7. The crises of decadence

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Such an overview necessarily demands an analysis of military production and thus of the more general problem of non-productive labour.

The panorama of crises presented by capitalism during the period 1914-46 requires no commentary: two world wars and a depression on the scale of 1929, in less than thirty years, speak eloquently enough. Two remarks may, nonetheless, be of use. Because it was an economic crisis in the most traditional meaning of the term, the depression of 1929-34 is often cited as the crisis of modern capitalism. But the two world wars also constituted crises of the system in no way less profound. In the same way as the economic depression of the inter-war period, the world conflicts expressed in the most brutal fashion the incapacity of capitalist relations of production to continue to reproduce themselves in the normal way. 'Pure' economic crises eliminate excess capital through bankruptcy; war achieves the same end through physical destruction and armed violence. But in both cases, the content is the same: capital is forced to destroy itself under the pressure of the contradictions of its own mode of functioning. In both cases, the system gives rise to violent convulsions provoked by the definitive inability of the dominant relations of production to adapt to the needs and potentialities of society. In a world dominated by capital, there is nothing which is not economic: these 'international political crises' called world wars, far from being extra-economic phenomena, have only been the barbarous manifestation of the most profound economic crises.

Unlike the crises of the ascendant phase of capitalism, the convulsions of decadent capitalism bring to the fore a general and accentuated movement of systematic deterioration. In this very fact lies the proof of their different nature. The crisis of 1929 brought about a fall in production greater than that caused by World War I. World War 2 was far more destructive than World War I, and was a disaster incomparably greater than that of 1929. This progression in intensity indicates the irreversible character of a general movement of decline.

From 1914 until the end of World War 2 the importance and meaning of these convulsions became more and more obvious. But the absence of serious crises during the twenty years following World War 2 was enough to convince commentators of the definitive disappearance of crises within capitalism, and consequently to relegate the crises of the preceding period to the never-never land of "crises of growth".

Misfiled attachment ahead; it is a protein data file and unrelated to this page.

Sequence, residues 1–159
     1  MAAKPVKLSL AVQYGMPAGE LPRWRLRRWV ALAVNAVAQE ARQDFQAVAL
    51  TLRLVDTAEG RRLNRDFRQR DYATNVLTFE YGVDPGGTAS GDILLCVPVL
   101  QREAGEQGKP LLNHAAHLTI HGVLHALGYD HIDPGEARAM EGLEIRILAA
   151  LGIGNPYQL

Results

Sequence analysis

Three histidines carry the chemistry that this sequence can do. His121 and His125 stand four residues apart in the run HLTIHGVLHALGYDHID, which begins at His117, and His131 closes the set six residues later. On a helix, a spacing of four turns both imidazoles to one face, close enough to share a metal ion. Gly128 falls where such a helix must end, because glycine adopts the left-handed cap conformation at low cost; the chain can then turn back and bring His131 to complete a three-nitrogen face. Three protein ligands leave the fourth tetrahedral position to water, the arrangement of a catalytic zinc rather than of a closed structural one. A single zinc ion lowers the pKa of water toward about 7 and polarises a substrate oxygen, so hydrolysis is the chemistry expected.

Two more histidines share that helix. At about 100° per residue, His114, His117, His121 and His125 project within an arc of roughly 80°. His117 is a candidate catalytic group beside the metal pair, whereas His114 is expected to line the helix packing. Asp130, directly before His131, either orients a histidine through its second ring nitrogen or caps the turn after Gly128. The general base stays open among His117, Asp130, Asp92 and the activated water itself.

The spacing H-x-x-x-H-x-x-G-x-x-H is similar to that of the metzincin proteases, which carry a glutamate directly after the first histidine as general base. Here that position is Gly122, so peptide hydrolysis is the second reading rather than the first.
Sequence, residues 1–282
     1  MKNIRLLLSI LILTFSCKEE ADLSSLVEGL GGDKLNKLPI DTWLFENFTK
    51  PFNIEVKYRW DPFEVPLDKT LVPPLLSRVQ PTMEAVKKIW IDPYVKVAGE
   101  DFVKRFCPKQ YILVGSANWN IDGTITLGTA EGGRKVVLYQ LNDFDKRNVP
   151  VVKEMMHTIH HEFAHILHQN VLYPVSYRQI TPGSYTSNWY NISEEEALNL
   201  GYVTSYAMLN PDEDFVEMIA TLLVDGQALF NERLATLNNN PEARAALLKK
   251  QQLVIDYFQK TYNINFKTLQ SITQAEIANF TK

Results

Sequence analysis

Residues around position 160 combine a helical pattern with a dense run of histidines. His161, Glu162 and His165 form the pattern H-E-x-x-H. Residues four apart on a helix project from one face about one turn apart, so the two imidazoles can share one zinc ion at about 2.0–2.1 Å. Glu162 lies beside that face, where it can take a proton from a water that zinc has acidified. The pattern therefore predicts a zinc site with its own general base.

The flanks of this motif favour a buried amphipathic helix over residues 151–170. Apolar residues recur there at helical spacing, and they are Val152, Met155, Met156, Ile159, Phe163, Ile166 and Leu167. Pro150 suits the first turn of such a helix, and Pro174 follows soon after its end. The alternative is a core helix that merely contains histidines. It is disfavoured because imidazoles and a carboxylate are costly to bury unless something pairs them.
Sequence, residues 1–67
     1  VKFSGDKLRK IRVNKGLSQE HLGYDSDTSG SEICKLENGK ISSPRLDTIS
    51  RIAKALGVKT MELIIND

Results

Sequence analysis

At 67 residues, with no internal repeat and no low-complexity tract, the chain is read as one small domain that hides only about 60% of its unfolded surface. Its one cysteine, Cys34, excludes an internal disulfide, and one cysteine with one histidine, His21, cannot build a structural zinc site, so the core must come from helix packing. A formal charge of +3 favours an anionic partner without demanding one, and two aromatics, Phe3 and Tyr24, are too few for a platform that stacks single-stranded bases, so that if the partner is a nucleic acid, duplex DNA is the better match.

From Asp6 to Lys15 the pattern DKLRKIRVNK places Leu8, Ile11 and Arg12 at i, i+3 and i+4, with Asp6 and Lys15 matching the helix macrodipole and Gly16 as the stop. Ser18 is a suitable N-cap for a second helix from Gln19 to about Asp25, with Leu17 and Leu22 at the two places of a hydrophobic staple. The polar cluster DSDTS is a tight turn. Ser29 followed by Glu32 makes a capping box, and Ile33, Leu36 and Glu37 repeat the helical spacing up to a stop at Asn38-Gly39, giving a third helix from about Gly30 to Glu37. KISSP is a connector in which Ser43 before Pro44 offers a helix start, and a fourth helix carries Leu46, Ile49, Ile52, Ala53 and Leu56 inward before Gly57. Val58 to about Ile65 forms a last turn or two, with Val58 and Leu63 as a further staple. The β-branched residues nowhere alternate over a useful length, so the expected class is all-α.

And yet, in the period immediately after World War 2, capitalism began a new cycle on foundations which were no more sound than those which had precipitated the war. Economic expansion depended more than ever on two crutches which had just demonstrated their inherent weaknesses in terms of any long-term solution to the crisis. These crutches were the mechanisms of "reconstruction" and production for military ends.

Of course, the destruction was far more extensive this time, and the reconstruction would last longer than it did after World War I. War became permanent through constantly maintained local conflicts, and the production of war material achieved higher levels in "peace time" than during the two world conflagrations. The state learned better how to handle the effects of internal contradictions which progressively undermine the system, and tended to emerge more and more as the system's controlling force. In short, capital had begun a new phase of its decline with an array of particularly effective palliatives, but the purely palliative nature of these measures has never been concealed for a moment.

The limits of reconstruction

This point has been dealt with at length in the article "La crise", which appeared in Révolution Internationale (old series) nos. 6 and 7, and we will not repeat it here. Rather we will content ourselves with a review of some of the principal economic phenomena which, since the second half of the 60s, unequivocally demonstrate the limits of these palliatives.

The completion of the reconstruction of the European countries, and of Japan, around 1965 gave rise to profound dislocation in the international economic channels which had presided over capitalist "expansion" since the war. All the international exchange mechanisms entered into crisis. The former outlets for American industry suddenly began to display a rude, commercial aggression. In 1967 the United States recorded its first balance of trade deficit since 1893. In short, what had for decades propped up the system was now itself exhausted, and with no possible remedy anywhere in sight. The cycle whereby capitalism had "developed" since the beginning of its decline (crisis - war - reconstruction), had once again arrived at a fatal turning point: the end of reconstruction.

The limits of the economic stimulus of military production